See that up there? That’s my thesis statement. In the next 478 words, I’m going to develop it, flesh it out, then restate it in my conclusion. Then do you know what I’m going to do? I’m going to reread it. At least three times.
On my first time through, I’m going to check my overall flow and make sure I’m making my argument effectively. The second time, I’m going to double-check my spelling and make sure that the only bad grammar I have is intentional and emphatic (like where I made “At least three times” its own sentence).
Then I’m going to read it once more from the point of view of potential readers as an extra check of clarity and style. If I find any other changes that need to be made, it might necessitate a fourth or fifth read-through.
I’m not shy. That’s how the greats succeed in this business.
What, you didn’t think that Stephen King just hammered out a novel at his prodigious 10,000 words per day, then sat back, cackled, and called it good, did you? Oh, no. The true professionals, the household names, they’re the ones who reread and rewrite their material more than anyone.
They understand that “rough draft” is an understatement, that you can’t emphasize the right plot points and themes and character traits nearly as well the first time as you can the third or fifth or tenth.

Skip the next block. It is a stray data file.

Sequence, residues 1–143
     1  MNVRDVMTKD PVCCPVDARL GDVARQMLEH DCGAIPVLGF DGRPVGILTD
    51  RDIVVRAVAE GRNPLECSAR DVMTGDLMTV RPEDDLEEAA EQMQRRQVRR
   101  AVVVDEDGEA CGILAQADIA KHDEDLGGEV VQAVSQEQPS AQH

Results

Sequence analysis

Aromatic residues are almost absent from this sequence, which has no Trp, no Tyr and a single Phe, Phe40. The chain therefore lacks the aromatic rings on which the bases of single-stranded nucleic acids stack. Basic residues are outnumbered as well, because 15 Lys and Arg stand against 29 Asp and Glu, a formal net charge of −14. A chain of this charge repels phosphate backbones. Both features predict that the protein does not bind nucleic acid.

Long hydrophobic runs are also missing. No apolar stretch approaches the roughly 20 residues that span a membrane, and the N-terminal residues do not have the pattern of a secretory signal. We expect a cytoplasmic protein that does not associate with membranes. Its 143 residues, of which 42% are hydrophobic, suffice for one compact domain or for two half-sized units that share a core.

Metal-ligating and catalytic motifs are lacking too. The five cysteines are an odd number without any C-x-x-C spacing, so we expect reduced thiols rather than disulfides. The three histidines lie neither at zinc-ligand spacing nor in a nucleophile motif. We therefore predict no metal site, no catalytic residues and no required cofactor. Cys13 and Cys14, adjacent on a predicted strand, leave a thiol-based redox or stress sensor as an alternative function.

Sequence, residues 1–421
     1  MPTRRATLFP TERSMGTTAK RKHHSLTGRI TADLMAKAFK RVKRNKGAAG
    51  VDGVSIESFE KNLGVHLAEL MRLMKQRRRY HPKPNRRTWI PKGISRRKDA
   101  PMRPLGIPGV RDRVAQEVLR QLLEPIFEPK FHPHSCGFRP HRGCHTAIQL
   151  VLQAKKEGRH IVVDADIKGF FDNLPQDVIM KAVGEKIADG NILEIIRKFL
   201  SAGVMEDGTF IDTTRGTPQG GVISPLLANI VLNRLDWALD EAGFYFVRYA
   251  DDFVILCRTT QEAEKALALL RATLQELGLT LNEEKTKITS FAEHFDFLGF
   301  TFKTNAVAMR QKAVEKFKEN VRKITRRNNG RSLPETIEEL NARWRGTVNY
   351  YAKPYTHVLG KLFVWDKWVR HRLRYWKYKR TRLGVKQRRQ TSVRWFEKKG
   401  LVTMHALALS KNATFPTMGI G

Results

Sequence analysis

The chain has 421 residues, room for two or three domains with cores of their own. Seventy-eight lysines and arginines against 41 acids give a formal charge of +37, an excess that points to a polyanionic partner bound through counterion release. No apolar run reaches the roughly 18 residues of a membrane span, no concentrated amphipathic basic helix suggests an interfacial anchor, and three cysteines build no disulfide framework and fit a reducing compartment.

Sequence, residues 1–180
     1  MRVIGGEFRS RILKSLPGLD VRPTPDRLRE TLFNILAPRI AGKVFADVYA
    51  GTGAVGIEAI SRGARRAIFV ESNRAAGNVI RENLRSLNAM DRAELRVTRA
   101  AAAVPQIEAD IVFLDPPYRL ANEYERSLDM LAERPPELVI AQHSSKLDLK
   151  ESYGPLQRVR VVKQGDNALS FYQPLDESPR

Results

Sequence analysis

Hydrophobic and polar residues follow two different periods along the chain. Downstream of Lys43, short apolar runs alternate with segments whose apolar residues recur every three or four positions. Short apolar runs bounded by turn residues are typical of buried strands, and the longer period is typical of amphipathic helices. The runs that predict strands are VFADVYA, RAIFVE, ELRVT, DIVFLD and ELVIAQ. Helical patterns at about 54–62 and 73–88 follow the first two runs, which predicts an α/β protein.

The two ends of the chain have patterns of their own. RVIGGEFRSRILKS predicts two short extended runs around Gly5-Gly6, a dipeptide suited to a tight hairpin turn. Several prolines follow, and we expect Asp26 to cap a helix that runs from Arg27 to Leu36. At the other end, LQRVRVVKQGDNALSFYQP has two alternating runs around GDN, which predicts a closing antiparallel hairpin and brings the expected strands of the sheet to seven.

Think of a bestselling author. In most cases, they’ll have spent much more time rewriting their work than they spent writing it the first time. The others? Hacks.
I should know this. Not all that long ago, I was a book editor, and a good one. Print publishing being what it is, when my job security was in question, I moved on. I now get paid to write training materials for the professional development of state employees. I use my own advice. I rewrite my material. As an editor, this was the second piece of advice I gave my authors (right after, “Please, for the love of God, read at every possible moment!”). And I would give them no peace until they demonstrated that they were actively reworking their material.
In my experience of writing my own work and editing that of others, I’ve discovered two immutable laws of human nature. First, no matter how good your book is on the first draft, it is always better on the third. Second, those authors who aren’t willing to rewrite their material are always the ones whose material isn’t very good in the first place. I have found no exceptions to these two laws.
You do yourself and your readers a disservice by being satisfied with your first draft. Your work can always improve, be it poetry or science fiction or applied mathematics. I and the other editors on this site can show you how.
My name is Thomas Beard, and this article required five read-throughs.
Thomas Beard is a writer and editor with the Consortium. Every Wednesday he shares an article about revision, rewriting, and story structure.
Find out more about Thomas Beard at his author website, and watch for his debut epic fantasy, The Orphan Queen.